“It’s catastrophic,” said Dan Pullen from the N+1 cycle workshop and cafe, just outside Brighton Station on the morning of the first day of the latest round of strikes (January 10).
Brighton and Hove commuters face yet another period of disruption, and local business owners said they are coming under increasing strain as a direct result of the dispute about passenger safety on Southern Rail.
“The troubles are so bad and ongoing and unstable that people aren’t even chancing coming to the station,” said the cafe’s owner, who said his business has been severely impacted by the reduction in passing trade since the Southern dispute began.
The dispute between Govia Thameslink, which runs the Southern franchise, and the RMT and ASLEF unions, which represent conductors and drivers, is over the move to driver-only operations on trains.
This month Mr Pullen said he will pay his staff and suppliers without taking a wage for himself, while some businesses have had to shed staff or in some cases close down due to the impact on trade.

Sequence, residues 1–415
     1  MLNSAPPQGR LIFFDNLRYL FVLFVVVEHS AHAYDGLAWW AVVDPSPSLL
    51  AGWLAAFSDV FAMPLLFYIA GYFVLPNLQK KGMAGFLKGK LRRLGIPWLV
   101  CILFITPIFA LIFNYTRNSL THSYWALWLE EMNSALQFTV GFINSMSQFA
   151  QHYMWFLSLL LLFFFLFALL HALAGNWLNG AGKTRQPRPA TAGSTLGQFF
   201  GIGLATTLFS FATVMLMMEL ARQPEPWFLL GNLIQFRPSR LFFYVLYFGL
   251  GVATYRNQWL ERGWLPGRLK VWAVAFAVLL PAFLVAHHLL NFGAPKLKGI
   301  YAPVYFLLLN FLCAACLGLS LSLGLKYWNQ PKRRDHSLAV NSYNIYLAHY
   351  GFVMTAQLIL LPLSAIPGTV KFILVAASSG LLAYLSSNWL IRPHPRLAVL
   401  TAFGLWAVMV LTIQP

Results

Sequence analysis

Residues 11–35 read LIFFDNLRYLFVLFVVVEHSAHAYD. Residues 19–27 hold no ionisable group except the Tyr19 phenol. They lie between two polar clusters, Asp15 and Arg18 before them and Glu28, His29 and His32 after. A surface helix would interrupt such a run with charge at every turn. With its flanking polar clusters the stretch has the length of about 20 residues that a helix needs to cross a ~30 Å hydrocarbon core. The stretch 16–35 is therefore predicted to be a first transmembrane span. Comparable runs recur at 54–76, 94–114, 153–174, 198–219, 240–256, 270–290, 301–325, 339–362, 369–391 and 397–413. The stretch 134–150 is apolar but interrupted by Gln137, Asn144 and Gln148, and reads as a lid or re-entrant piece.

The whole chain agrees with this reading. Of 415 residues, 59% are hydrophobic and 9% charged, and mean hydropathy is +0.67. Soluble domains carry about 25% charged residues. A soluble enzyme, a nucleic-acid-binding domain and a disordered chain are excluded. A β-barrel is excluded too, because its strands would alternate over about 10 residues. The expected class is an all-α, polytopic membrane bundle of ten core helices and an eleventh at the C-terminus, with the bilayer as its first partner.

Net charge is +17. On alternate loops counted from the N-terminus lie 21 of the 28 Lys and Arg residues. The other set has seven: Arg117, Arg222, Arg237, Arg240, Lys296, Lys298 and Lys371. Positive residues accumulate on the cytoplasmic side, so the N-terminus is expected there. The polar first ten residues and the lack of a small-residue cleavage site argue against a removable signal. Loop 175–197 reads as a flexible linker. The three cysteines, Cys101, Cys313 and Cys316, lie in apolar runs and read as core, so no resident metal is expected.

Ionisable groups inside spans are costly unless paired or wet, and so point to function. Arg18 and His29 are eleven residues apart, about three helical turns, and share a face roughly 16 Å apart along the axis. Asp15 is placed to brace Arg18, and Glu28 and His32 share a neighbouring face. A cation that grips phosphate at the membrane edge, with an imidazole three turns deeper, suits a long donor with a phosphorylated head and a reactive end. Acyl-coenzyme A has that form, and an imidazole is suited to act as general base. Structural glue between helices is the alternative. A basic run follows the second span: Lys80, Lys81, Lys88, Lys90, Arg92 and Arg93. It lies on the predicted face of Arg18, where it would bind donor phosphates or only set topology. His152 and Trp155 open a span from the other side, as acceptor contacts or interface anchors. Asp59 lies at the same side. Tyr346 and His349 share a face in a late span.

Other nearby businesses report that trade is reduced by around 50 per cent or more on the days when industrial action takes place.
Jean Jacques Migliore, the manager of Muse Cafe on Queens Road, said that with tax bills coming up the timing of the strikes and the consequent reduction in income makes things all the more difficult.
“Not really happy but what can we do?” he said.
Inside the station, security staff in high-visibility jackets with the words ‘crowd control’ on their backs look somewhat out of place in a quieter-than-usual Brighton Station. The security staff are on alert, according to one of them, in case of anticipated demonstrations over the disruption.
No Southern services will run today (January 10), tomorrow or Friday as a result of a train drivers’ strike.